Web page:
Another thought-provoking class this morning. Thank you all :)
Haven’t seen Cloud Atlas (yet) but have been doing a lot of long distance driving on highways recently, still thinking about the words of that astronomer in the documentary (mentioned in my last post) as it relates to our inquiry into the nature or substance of time. As I was driving I would look far ahead of me at the stretch of road I would soon be traveling and would reflect on the fact that the image I was seeing with my eyes was actually slightly in the past, as the light bouncing off objects (such as the road ahead) takes some time to reach my eyes, even if the delay is only milliseconds long. And yet, my “seeing” of the road ahead was very much in the present — seeing in the present moment what, nevertheless, was light which had bounced off the road ahead some milliseconds ago.
My inquiry continued.. what of this ‘mental registering’ I was (apparently) experiencing in the present moment of the image of the road ahead? Was that truly “present” or was there a delay here, as well (no matter how small)? Because it can be convincingly argued that even within one’s physical body there is a slight delay of time as neural synapses travel from “thought” to “action” (for instance, from the thought “I will raise my arm” to the actual raising of the arm). But what of the thoughts themselves? Is a “thought” the closest thing to the present moment? What of the delay between the raw data reaching the senses (the light bouncing off the road ahead reaching my eyes) and my mentally registering that image as “the road ahead?”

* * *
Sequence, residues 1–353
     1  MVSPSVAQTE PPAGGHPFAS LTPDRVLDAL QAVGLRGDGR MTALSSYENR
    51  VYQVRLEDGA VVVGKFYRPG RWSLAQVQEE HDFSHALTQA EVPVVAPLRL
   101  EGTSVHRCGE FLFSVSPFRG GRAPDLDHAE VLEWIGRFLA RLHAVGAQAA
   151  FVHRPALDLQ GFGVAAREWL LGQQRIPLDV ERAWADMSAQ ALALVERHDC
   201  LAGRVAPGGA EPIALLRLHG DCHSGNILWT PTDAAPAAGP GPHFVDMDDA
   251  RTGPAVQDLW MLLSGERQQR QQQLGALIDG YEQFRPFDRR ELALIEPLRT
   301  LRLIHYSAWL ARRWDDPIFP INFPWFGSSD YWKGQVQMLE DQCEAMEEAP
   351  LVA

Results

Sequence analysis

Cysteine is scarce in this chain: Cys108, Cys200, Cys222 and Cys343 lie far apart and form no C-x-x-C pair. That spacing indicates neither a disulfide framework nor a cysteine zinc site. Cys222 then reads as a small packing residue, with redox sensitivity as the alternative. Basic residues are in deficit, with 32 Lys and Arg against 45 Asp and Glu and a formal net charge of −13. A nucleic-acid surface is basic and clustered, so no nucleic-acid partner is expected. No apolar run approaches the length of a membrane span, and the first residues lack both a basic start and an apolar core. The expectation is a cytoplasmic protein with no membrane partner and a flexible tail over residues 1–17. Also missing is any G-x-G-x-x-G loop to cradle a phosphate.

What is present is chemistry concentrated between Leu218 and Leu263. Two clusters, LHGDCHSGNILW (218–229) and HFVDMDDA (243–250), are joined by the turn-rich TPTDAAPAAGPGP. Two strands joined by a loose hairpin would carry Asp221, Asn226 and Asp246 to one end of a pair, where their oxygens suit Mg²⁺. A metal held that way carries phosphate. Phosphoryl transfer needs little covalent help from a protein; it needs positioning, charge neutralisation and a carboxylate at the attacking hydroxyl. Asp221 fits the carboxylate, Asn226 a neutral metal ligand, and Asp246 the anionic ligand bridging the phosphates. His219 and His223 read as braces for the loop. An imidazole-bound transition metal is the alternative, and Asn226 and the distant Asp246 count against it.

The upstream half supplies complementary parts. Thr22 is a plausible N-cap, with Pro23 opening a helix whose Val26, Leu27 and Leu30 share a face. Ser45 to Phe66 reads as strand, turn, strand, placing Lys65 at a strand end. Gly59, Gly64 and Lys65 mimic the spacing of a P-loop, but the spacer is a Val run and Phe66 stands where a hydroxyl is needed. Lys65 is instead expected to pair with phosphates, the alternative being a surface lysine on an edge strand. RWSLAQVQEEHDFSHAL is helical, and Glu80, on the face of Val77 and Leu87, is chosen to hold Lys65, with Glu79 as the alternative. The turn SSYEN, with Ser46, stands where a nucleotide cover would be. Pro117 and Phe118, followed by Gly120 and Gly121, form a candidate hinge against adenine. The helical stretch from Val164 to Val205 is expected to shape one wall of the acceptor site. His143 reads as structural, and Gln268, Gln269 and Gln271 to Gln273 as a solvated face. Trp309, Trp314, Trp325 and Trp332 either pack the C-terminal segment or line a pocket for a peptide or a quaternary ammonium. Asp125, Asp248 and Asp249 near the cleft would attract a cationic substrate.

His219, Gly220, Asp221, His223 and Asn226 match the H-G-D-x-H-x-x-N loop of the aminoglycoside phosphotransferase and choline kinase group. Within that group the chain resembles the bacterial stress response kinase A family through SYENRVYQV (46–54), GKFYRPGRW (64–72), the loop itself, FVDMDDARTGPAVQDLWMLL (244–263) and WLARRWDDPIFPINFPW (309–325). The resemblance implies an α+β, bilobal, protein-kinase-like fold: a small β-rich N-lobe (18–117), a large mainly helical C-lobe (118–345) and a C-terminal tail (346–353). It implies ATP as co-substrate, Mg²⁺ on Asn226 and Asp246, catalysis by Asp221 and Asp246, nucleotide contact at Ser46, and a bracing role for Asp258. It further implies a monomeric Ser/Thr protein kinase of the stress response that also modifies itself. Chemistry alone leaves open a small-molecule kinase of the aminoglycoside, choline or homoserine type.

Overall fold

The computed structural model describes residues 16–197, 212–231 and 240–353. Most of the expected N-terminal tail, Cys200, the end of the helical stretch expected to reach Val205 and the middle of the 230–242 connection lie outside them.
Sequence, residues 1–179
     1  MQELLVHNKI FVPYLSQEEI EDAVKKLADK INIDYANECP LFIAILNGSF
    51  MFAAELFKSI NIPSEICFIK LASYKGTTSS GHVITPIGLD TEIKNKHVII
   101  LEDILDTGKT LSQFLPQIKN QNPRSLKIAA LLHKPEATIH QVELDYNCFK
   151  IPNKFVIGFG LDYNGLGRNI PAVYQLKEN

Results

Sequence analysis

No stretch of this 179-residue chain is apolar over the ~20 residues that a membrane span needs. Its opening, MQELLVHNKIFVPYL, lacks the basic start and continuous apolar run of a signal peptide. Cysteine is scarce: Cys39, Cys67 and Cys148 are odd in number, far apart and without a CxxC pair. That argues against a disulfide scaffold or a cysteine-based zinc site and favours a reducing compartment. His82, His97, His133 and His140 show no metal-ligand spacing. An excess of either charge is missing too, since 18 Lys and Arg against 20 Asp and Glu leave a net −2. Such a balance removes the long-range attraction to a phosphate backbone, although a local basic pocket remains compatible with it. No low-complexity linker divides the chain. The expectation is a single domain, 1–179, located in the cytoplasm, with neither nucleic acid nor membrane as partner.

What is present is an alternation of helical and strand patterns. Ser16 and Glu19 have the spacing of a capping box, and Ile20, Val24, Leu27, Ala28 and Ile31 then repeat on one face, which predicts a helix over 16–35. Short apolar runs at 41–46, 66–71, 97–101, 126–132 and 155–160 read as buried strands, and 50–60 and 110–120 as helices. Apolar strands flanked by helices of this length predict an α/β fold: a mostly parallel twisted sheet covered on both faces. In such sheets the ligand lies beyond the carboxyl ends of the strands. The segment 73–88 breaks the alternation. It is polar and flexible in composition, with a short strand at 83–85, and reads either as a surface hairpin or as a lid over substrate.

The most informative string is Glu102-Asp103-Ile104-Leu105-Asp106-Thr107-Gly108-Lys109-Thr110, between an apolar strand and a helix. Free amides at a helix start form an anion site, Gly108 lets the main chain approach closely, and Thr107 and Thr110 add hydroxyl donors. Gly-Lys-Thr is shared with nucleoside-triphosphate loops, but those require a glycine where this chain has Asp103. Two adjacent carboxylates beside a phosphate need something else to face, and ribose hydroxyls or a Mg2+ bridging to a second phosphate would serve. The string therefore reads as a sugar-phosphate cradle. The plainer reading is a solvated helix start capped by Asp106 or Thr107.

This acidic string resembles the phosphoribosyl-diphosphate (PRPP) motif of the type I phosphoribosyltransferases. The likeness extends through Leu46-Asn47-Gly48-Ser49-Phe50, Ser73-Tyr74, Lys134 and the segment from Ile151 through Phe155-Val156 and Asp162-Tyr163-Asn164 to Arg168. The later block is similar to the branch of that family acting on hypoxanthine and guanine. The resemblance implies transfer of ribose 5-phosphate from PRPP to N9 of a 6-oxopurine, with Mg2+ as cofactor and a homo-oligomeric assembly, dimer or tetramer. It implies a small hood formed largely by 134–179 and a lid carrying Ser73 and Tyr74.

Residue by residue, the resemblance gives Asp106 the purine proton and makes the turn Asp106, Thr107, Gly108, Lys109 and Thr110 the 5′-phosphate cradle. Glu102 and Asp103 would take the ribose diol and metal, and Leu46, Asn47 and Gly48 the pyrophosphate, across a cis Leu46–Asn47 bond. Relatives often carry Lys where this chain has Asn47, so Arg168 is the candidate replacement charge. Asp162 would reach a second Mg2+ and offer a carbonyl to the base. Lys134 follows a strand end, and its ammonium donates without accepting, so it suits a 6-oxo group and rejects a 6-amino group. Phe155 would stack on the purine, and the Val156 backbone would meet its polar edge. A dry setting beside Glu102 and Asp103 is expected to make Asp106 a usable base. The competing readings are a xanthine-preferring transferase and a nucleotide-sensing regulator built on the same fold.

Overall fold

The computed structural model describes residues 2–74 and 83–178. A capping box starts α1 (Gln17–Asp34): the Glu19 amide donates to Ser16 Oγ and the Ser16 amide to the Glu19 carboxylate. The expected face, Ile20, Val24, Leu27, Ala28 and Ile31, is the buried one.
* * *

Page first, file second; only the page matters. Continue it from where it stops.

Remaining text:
And then I had to wonder, from what point am I trying to measure this whole time-delay thing? I seem to have a sense of there being an “aware I” that is prior even to thought itself; that this “aware I” is the closest possible point to true presentness (perhaps even presentness itself? but that’s another discussion). ….. and then, more questions — I notice that I seem to be trying to pinpoint “presentness” in time and/or space. That I’m trying to locate someone or something that is ‘truly present.’ Is it possible that “presentness” is not locate-able?
…. just a report on the mental inquiries that this course seems to be eliciting in me :)